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Top 10 considerations when molding diagnostic cartridges

Molding diagnostic cartridges, lateral flow components, and intricate microfluidic devices is an art that blends the science of mold design, injection molding, and in-vitro diagnostic (IVD) device manufacturing. This expertise guarantees the seamless creation of top-tier, validated, and easily scalable IVD components. Diagnostic cartridge molding involves several crucial factors that should be integrated into your project plan.

Here's a breakdown of these important considerations:

1. Careful Material Selection Opt for a medical-grade material that suits the diagnostic purpose, such as a medical USP Class VI material or one resistant to lipids. The material should have good dimension stability, chemical resistance, and, if visuals are essential, transparency.


2. Thoughtful Mold Design Design the mold with care and consideration for accurate and consistent replication of the diagnostic cartridge. Make sure you specify uniform cooling and heating channels for dimensional control, carefully select an appropriate gate type and location to minimize shear stress, and provide ample draft angles for easy release and to avoid stress during ejection.


3. Strategic Tooling Decisions Tailor the mold tooling to match the required volume and complexity of the cartridge. Factors like the number of cavities, cooling channels, and mold material play a role in optimizing production efficiency.


4. Smart Parting Line and Gate Design Determine where to position the parting line and gate to minimize excess material, or flash, and guarantee proper mold filling. The gate's positioning should prevent trapped air and interruptions in the flow.


5. Precise Tolerances and Surface Finish Pay attention to the specific tolerances and critical dimensions necessary for proper functionality. You should also focus on achieving the right surface finish for the cartridge's main contact points and flow characteristics.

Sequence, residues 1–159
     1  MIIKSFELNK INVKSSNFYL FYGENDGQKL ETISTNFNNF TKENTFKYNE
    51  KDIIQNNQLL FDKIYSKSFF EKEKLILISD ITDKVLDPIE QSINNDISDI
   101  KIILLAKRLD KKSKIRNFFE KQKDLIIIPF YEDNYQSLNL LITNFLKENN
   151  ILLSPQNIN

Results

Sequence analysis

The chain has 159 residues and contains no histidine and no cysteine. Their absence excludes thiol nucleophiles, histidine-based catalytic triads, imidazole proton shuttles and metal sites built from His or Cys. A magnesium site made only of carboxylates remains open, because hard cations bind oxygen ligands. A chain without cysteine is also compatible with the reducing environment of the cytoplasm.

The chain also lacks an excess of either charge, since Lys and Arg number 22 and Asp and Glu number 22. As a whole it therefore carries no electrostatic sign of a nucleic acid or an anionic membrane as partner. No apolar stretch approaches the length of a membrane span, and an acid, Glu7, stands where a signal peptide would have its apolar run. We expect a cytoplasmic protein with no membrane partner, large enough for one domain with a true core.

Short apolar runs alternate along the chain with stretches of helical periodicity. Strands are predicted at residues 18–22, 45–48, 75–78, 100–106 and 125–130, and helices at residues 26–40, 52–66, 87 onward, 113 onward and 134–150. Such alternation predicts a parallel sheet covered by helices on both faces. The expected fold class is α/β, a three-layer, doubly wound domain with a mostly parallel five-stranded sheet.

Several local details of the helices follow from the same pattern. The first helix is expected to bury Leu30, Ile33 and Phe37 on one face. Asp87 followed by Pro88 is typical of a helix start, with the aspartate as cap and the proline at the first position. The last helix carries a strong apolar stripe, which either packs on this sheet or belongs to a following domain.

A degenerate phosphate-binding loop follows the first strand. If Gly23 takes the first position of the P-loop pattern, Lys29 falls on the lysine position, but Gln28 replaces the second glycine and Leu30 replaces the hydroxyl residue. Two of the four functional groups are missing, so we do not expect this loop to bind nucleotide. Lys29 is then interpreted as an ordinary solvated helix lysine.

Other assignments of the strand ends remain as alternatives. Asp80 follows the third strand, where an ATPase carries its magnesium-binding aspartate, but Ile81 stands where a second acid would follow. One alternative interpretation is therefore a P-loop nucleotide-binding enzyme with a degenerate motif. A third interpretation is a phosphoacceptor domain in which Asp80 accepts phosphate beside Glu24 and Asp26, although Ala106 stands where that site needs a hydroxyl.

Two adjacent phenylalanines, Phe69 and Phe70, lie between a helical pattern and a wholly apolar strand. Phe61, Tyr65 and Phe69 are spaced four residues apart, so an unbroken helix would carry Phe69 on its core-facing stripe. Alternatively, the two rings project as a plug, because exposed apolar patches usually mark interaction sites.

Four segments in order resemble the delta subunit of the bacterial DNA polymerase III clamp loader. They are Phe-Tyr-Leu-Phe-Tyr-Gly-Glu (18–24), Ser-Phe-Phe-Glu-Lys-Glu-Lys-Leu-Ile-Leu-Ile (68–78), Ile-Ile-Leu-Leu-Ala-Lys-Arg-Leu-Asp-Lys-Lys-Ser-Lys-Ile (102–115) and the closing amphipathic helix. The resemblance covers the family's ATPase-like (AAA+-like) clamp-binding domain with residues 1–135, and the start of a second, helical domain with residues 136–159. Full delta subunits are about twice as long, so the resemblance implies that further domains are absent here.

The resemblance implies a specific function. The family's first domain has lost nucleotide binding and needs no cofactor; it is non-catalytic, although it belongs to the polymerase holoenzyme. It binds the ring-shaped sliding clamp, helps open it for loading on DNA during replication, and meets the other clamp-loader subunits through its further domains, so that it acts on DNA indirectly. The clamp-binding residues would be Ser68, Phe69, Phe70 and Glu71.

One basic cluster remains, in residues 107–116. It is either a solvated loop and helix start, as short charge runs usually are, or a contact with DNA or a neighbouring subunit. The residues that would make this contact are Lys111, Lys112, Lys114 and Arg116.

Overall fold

6. Adequate Venting Incorporate appropriate venting mechanisms to allow air and gasses to escape during the molding process. Inadequate venting can lead to cosmetic defects, voids, or haziness on the surface, potentially affecting the clarity of light transmission during diagnostic testing.


7. Meticulous Processing Ensure scrupulous hygiene and proper machine maintenance during molding to achieve low fluorescence. Regularly clean the screw and barrel, maintain low shear and resistance time, eliminate interruptions, and degas the polymer before processing.


8. Seamless Assembly Compatibility If additional components are needed for cartridge assembly, design the molded parts to simplify integration with elements like sensors, electronics, or membranes.


9. Quality and Regulatory Compliance Validate the molding process for robustness, ensuring repeatability and reproducibility for a reliable and high-quality product. Since diagnostic cartridges are intended for medical or regulated application, they also need to comply with all relevant standards, such as ISO 13485 and FDA guidelines.


10. Efficient Cost Management Evaluate the cost-effectiveness of the molding process based on factors such as tooling costs, material efficiency, cycle time, and potential scalability for large-scale production.


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